Drinking a cup of coffee with breakfast can reduce pain triggered by spending hours at a computer at your workplace, a new study has claimed.
Researchers from the University of Oslo found that coffee can lower office-related twinges and aches as caffeine is thought to stimulate receptors responsible for blocking pain, the Daily Mail reported.
In the study, volunteers who undertook 90-minutes of intensive screen-based work without a break suffered fewer aches and pains in their neck, shoulders, arms and wrists if they downed a coffee before going to office.
The team recruited 48 full-time office workers who were told they could drink coffee with their breakfast but to limit it to one cup.
The recruits then underwent an hour-and-a-half of computer tasks, which involved correcting typographical errors on a document as fast and as accurately as possible, using only the computer mouse.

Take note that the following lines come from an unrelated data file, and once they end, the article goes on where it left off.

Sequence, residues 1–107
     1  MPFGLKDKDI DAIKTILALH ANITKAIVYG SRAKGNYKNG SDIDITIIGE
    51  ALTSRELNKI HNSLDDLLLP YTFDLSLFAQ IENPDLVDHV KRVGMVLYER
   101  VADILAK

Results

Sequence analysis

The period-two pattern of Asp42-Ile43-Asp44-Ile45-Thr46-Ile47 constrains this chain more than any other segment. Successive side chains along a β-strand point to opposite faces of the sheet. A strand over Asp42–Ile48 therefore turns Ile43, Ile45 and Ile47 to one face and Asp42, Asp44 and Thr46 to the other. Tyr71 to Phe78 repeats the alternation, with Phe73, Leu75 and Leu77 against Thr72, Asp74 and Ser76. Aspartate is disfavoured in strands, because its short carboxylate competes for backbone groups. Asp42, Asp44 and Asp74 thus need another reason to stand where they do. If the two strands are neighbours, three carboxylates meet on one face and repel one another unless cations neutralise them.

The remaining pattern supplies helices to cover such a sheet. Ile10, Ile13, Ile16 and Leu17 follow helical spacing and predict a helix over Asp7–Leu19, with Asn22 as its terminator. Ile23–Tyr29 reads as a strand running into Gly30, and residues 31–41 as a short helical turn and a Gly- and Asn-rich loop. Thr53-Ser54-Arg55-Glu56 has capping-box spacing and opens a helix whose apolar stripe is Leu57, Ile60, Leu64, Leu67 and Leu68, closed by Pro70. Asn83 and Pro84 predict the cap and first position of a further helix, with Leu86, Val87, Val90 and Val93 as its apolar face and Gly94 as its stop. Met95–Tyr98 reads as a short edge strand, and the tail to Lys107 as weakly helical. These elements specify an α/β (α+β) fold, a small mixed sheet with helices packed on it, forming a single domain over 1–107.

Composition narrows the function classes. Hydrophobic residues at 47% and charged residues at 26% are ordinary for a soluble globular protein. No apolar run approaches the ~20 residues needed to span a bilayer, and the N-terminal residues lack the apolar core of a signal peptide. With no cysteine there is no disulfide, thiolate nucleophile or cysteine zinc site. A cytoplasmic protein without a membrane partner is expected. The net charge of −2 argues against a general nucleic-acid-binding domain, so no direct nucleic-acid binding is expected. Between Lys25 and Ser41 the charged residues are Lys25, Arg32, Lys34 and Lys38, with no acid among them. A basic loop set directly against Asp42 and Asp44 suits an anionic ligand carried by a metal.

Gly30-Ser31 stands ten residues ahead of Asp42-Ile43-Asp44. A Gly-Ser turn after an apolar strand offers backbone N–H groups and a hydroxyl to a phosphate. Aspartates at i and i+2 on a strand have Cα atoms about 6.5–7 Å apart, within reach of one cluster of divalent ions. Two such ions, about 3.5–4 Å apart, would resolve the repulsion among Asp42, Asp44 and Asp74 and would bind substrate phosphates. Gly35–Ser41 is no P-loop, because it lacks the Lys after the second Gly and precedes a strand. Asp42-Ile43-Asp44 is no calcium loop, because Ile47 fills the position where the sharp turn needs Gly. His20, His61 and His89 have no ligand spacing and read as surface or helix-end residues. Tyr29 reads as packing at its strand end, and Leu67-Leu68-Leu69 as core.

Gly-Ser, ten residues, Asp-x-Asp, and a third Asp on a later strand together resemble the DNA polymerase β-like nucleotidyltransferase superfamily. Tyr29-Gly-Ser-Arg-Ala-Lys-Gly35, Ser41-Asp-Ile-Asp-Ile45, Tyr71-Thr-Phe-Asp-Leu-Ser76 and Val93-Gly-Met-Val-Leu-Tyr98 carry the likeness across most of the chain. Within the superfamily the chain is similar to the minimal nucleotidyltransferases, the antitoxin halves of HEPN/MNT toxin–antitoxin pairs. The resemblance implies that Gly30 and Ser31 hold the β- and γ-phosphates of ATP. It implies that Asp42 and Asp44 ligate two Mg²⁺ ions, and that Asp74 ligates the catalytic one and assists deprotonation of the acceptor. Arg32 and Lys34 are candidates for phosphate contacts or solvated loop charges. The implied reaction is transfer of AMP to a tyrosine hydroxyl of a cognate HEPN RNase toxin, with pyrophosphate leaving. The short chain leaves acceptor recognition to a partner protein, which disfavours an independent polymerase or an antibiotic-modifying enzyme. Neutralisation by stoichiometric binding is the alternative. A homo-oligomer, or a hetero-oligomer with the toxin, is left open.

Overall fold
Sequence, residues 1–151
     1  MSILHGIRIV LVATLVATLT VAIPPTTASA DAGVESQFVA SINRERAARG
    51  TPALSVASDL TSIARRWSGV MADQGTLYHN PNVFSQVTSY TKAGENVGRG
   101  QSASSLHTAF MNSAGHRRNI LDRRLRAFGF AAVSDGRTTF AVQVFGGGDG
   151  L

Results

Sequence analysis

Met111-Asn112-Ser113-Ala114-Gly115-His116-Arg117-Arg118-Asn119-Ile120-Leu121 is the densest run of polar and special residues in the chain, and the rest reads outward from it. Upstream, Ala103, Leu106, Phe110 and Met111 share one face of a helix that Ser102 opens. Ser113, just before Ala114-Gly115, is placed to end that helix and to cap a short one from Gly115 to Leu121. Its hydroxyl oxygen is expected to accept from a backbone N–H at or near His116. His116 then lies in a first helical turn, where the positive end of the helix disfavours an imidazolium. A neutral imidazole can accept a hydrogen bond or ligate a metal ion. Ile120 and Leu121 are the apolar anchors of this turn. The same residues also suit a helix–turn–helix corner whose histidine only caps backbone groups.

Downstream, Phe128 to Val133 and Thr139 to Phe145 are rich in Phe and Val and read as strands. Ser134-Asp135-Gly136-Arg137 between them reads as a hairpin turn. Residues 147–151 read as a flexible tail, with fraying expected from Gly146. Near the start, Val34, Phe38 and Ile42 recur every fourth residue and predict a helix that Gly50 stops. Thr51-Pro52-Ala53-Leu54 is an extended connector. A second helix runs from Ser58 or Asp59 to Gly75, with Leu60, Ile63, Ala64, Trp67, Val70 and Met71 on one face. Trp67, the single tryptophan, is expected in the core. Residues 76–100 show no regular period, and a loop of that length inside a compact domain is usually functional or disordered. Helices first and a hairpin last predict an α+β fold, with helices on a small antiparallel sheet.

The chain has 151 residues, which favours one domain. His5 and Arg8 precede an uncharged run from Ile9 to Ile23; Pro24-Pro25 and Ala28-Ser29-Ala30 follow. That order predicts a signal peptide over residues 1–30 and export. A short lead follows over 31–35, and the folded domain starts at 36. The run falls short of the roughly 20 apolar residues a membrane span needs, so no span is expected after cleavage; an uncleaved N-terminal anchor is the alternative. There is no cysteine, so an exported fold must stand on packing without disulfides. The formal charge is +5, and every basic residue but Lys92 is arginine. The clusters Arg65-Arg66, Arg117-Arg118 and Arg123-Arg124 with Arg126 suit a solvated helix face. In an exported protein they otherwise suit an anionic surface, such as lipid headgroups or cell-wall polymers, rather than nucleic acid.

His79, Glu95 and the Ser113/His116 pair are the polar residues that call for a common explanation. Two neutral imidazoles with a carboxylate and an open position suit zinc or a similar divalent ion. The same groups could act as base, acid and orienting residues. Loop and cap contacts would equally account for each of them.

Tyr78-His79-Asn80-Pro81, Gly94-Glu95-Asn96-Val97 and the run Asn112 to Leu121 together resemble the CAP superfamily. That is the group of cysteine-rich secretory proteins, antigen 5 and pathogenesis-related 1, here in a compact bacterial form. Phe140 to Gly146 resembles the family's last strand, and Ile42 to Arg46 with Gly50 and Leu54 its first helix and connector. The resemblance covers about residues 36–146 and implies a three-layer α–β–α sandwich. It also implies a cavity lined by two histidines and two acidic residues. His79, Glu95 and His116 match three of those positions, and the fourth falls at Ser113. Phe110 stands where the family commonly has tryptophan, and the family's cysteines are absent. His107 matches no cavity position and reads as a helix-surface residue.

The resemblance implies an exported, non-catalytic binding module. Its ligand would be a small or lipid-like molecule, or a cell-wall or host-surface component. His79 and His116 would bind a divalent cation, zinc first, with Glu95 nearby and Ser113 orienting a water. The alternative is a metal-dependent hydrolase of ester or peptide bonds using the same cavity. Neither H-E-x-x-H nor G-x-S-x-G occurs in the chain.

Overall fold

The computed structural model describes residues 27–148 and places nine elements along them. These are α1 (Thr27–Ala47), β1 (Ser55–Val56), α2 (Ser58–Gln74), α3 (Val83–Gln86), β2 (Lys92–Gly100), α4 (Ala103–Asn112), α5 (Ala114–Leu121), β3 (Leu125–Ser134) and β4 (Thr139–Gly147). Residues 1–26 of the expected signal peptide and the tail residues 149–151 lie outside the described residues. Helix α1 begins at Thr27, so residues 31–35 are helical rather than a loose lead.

They were not allowed to pause at any time and were assessed for their levels of pain throughout the experiment.
Although both drinkers and non-drinkers experienced pain in their shoulders, neck, arms and wrists during the task, coffee consumers reported much lower levels of discomfort.
"The results revealed a significantly lower increase in pain development for the subjects who had consumed coffee approximately one and a half hours before the task, compared to those who abstained," researchers were quoted as saying by the paper.
The study was published in the journal BMC Research Notes.